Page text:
Formaldehyde usually in the form of a white hydrated solid polymer consisting of 80–100 methanal units (polyoxymethylene) called paraform or paraformaldehyde. It is used in the manufacture of adhesives, in animal nutrition and agriculture, cosmetics, deodorants, detergents, dyes, explosives, and many more which makes it a substance easy to come in contact with different concentration levels and environments. Incomplete combustion during fires or from hydrocarbon fuels especially from vehicles emissions releases formaldehyde into the atmosphere. Based on the evidences mounting regarding the health risk posed by formaldehyde exposure, the Occupational Safety and Health Administration (OSHA) of the US Department of Labor had introduced exposure standards that are required to be monitored and maintained in areas where formaldehyde is used.[7]

International Agency for Research on Cancer (IARC) classified formaldehyde as “carcinogenic to humans” and therefore represents a risk to anyone handling the solution.[3] It was found that formaldehyde inhalation at 6 ppm and above causes nasal squamous cell carcinoma in rats. Since epidemiological studies have provided only equivocal evidence that formaldehyde is a human carcinogen, quantitative implications of the rat tumors for human cancer risk are of utmost interest. The U. S. OSHA Permissible Exposure Limit is 0.75 ppm as an 8-h time-weighted average (OSHA, 2004), and the American Conference of Governmental Industrial Hygienists Limit is 0.3 ppm (ACGIH, 2004).[8]

It has been found in recent study that a strong evidence that can support a genotoxic and cytotoxic mode of action for the carcinogenesis of inhaled formaldehyde in respiratory nasal epithelium.[8] Guidelines for ambient formaldehyde levels in living spaces have been set in several countries in the range of 0.05–0.4 ppm, with a preference to 0.1 ppm.[7] Second, the chemical action of formalin binds severely to DNA, RNA, and proteins, which makes them difficult or impossible to extract in a useful form for molecular tests.[4],[9]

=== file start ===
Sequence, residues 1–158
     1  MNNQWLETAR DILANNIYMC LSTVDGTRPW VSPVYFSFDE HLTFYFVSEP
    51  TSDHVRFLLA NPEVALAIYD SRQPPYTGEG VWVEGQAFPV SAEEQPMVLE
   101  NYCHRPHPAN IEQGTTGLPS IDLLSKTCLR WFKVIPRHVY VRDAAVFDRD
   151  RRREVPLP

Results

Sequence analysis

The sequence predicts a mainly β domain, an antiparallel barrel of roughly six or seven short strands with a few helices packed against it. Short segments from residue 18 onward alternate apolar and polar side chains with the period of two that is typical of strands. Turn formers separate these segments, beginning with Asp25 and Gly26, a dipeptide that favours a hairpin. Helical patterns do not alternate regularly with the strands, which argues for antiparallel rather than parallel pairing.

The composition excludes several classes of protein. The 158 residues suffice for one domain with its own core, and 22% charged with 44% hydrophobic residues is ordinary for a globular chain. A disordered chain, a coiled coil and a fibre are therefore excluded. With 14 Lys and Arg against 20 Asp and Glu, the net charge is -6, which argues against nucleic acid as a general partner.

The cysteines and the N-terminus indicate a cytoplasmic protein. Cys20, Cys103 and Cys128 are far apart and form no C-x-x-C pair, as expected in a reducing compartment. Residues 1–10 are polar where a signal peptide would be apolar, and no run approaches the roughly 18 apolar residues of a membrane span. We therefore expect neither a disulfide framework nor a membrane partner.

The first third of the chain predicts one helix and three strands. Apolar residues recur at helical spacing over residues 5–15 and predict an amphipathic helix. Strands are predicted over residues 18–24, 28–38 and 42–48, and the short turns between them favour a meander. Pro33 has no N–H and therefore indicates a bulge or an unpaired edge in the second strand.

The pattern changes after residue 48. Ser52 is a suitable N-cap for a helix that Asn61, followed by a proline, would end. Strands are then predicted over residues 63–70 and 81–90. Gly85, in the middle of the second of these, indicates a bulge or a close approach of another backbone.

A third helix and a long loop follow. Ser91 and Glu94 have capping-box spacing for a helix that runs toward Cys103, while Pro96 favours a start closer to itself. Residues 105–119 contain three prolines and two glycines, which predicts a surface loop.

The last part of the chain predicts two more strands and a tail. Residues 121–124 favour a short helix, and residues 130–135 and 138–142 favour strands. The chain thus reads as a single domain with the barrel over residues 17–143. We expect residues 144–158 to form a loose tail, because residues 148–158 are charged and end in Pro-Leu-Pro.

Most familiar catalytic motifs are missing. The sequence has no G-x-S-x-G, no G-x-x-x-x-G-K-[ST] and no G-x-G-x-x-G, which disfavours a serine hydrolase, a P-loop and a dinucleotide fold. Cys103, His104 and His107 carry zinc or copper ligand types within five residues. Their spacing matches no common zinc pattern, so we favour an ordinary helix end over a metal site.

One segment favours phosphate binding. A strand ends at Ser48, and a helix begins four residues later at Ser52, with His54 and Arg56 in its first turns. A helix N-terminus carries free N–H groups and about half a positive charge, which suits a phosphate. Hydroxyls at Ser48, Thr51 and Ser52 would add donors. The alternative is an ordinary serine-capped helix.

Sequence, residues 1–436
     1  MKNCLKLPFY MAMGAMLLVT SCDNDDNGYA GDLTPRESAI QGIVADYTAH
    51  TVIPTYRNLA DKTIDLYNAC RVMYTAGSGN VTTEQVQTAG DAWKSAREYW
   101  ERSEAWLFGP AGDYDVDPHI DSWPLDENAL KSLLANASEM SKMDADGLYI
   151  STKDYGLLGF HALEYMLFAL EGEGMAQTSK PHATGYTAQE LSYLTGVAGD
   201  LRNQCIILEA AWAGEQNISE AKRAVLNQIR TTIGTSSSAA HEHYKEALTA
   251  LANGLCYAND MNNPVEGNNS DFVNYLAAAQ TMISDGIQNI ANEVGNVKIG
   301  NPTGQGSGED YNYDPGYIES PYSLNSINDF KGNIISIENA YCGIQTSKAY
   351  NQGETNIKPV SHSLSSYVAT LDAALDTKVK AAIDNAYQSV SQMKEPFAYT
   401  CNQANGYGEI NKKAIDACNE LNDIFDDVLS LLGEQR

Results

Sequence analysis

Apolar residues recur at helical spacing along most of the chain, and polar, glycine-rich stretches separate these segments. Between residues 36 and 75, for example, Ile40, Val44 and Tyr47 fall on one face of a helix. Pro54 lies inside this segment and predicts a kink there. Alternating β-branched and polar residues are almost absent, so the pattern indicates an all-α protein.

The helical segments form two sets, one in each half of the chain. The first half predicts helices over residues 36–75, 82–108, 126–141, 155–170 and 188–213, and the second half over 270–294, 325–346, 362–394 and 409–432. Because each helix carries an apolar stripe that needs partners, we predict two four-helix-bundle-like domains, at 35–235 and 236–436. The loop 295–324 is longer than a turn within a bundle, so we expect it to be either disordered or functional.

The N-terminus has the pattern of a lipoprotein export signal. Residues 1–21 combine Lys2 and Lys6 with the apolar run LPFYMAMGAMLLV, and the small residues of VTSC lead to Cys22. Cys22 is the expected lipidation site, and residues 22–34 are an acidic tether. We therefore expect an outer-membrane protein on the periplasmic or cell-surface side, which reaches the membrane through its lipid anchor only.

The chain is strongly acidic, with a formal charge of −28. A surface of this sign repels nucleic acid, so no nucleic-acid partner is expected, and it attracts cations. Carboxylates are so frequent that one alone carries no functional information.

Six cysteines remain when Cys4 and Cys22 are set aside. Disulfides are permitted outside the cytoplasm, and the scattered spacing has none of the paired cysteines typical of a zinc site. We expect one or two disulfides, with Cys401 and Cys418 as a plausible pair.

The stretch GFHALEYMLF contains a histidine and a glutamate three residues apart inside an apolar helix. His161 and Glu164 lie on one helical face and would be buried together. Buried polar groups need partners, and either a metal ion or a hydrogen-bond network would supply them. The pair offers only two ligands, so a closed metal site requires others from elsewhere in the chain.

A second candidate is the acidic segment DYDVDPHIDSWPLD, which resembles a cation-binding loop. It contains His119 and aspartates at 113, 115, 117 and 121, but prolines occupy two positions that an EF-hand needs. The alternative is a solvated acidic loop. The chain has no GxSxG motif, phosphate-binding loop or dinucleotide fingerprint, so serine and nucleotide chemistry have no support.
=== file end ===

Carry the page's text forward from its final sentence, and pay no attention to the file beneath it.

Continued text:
The side effects of formalin are skin and mucous membrane, respiratory system, gastrointestinal tract, cardiovascular system, central nervous system, and eye. Irritation, nausea, vomiting, diarrhea, loss of appetite, burns and ulceration, abdominal pain, gastrointestinal hemorrhage, pharyngeal congestion, and chronic pharyngitis are the few signs and symptoms of formalin vapors.[6]

Considering formalin as a carcinogen and the fact that formalin does not assure a complete DNA and messenger RNA (mRNA) recovery, a quest for formalin substitute began.[7] Bee honey has been shown to preserve tissue morphology similar to that by formalin.[9] Considering that sugar and jaggery are closest in composition with honey, they may also be able to preserve tissues. Thereby, the rationale of this study is to explore the eco-friendly, economical, and readily available substances such as sugar and jaggery as natural alternate solution that can be used for preserving tissues and to find out the best natural substitute.

   Materials and Methods Top

The study was conducted in the Department of Oral Pathology and Microbiology, Lucknow. The ethical clearance was taken from the ethical committee for the present study. Single piece of commercially available fresh goat meat (tongue) was bought and cut into 40 small pieces. Equal number of pieces (eight) were placed in each of the five different containers containing 10% buffered formalin, distilled water, 100% honey, 100% sugar syrup, and 100% jaggery syrup. The tissues were allowed to fix for 24 h at room temperature. After fixation, the tissues were water washed thoroughly so that any remaining fixatives get washed. Similarly, fixation was done for 48 h and 72 h. The total number of specimens for each time slot was eight. The tissues were fixed in saturated solution of 20 cubic cm by volume. Hence, saturated solutions of sugar, jaggery, and honey were made by adding each ingredients separately in 20 ml of distill water until saturation was achieved. Cost of 1 kg of jaggery was Rs. 33, sugar was Rs. 39, and honey was Rs. 270. Formalin is used as positive control [Figure 1] and distill water as negative control.